- Help overwintering bugs.“Leave plenty of places for over winter shelter such as piles of leaves, similarly don’t cut back all the plants until spring as this provides winter habitat.”
How to create habitat for hedgehogs
“Rough estimates put the hedgehog population in England, Wales and Scotland at about one million, compared with 30 million in the 1950s,” says the BBC. If you’d like to do your bit to stem the decline of nature’s greatest slug killer, here’s how to make your garden an attractive refuge for hedgehogs:
- Stop using slug pellets or at the very least, switch to hedgehog-friendly kinds.
- Build or buy a hedgehog house. Welsh wildlife conservationist, ornithologist and TV presenter, Dan Rouse suggests building a hedgehog home to encourage hedgehogs to take up residence in your garden and to ensure they’re not disturbed during the winter.
- Create access points. Make sure hedgehogs have access into and out of your garden. Fence panels should have small holes at the bottom – roughly the size of a CD to allow the animals to pass through them.
- Prevent drowning. Horticulturalist and garden writer Pumpkin Beth advises us to make sure that any ponds and water features are hedgehog friendly. She says: “Check your pond has a gradually sloping entrance into the water to allow frogs, newts, and hedgehogs to easily enter the pond and to leave the water. Sadly, many hedgehogs and other creatures drown in ponds, as they can’t climb out of steep sided water features. If you’re not sure how wildlife-friendly your pond is, add logs, rocks, or gravel, to create a gradual slope into the water.”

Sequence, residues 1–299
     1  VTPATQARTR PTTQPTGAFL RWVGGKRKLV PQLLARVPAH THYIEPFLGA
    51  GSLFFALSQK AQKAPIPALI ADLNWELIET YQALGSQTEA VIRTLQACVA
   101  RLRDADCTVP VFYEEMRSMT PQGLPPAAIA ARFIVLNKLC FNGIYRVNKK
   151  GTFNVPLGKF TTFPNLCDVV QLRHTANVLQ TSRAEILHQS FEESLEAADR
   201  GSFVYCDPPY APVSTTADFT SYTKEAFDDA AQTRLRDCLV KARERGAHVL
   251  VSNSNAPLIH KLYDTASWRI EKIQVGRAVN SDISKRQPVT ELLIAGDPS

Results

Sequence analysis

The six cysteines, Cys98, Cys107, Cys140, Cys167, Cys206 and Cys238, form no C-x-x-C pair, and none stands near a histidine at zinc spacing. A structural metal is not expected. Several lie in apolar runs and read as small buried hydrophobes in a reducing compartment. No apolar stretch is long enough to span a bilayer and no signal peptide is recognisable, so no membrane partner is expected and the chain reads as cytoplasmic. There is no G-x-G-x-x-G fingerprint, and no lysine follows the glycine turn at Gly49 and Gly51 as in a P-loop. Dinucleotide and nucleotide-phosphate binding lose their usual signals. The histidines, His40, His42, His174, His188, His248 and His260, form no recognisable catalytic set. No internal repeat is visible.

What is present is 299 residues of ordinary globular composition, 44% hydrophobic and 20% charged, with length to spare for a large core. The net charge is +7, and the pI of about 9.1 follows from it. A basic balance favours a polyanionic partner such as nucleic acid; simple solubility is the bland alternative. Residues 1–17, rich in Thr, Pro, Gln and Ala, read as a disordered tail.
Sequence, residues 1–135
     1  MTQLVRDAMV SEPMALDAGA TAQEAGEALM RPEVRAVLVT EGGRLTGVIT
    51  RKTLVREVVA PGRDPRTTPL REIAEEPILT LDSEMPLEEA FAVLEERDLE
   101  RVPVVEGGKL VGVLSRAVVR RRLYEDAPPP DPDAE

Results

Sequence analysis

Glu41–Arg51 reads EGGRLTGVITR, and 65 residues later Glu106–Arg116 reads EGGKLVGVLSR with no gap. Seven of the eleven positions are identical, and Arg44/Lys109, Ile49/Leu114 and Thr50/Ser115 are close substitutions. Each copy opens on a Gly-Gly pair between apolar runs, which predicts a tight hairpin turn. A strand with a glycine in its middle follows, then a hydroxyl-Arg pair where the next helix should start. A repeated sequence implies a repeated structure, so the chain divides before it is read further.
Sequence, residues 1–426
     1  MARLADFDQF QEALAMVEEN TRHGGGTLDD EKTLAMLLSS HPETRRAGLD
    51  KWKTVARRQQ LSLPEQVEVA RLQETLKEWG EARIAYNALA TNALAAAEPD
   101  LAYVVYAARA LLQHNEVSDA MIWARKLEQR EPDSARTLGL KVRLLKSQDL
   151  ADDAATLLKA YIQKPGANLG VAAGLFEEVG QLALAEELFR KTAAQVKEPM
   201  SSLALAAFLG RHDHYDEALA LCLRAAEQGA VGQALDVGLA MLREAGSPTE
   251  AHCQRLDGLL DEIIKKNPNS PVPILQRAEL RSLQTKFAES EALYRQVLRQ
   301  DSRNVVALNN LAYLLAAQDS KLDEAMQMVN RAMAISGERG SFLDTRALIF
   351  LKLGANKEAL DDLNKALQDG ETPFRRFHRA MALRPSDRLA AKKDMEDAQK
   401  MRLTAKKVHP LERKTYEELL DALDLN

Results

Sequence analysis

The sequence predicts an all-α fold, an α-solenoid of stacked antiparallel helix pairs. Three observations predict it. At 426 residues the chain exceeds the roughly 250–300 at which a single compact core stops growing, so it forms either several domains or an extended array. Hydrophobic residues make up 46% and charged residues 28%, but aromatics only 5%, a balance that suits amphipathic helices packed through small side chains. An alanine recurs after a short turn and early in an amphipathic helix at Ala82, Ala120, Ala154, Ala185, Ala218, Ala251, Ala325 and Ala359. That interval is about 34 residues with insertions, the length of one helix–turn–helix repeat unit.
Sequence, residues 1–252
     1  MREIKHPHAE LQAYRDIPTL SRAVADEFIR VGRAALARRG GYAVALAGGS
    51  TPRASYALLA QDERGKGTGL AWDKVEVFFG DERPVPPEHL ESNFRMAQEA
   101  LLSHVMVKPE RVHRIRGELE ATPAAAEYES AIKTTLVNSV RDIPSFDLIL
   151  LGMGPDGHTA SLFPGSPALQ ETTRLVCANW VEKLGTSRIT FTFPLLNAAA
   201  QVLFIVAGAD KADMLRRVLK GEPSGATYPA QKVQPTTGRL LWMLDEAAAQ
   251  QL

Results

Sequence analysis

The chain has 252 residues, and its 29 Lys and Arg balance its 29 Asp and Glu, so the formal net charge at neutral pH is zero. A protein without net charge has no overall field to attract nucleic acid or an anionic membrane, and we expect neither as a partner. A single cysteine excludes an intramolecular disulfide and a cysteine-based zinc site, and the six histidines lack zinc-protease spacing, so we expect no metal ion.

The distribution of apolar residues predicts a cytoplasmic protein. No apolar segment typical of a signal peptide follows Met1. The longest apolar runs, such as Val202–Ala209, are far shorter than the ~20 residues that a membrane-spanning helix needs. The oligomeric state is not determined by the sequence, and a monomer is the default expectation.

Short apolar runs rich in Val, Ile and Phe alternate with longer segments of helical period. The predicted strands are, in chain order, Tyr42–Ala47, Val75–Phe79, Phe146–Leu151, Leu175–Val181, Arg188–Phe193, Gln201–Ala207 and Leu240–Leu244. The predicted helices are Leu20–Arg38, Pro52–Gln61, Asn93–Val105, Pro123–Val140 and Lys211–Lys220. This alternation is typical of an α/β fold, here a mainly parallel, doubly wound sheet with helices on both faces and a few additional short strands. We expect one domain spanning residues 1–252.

- Check before you mow. Check grass and hedges for hedgehogs before you mow or strim.
- Check before you burn. Always check your bonfire for hedgehogs and pets before lighting and if possible, move the pile of leaves and twigs before igniting it to make absolutely sure you’re not incinerating a hibernating hedgehog.
- Feed the hedgehogs. Feed your hedgehogs meaty cat or dog food in the run up to hibernation in around October, and again when they wake up in March. Don’t offer bread or milk because these can make hedgehogs sick.
If you’d like more information on all things hedgehog related, the British Hedgehog Preservation Society is a wonderful source of information and advice.
How to create habitat for birds
Encouraging insects into your patch will help entice birds, but here are a few more ways to turn your garden into a bird-friendly paradise:
- Feed the birds. Kate MacRae – aka Wildlife Kate says: “Feeding the birds is an obvious way to support the avian population. A wide variety of foods fed in different kinds of feeders will attract the most variety of species.”
- Winter feeding. Keep visiting wild birds well-fed during the winter when food is scarce, says Dan Rouse. Her advice? “Add more fat such as suet, fat balls and mealworms for our birds to bulk up during the colder months.”
- Provide water. This is especially important as the weather gets colder, says Kate MacRae, whose site includes incredible footage of the tawny owls visiting her garden: “Keep water free of ice so birds and wildlife can drink and bathe. For birds, it’s essential to keep feathers in tip top condition in cold weather and they will bathe on even the coldest of days!”
Put these tips into action and, in time, you’ll reap the benefits in terms of the variety of wildlife that makes its home in your garden. Wildlife gardening gives so much pleasure, as does the knowledge that you’re doing your bit to protect and nurture some of our most loved wild creatures.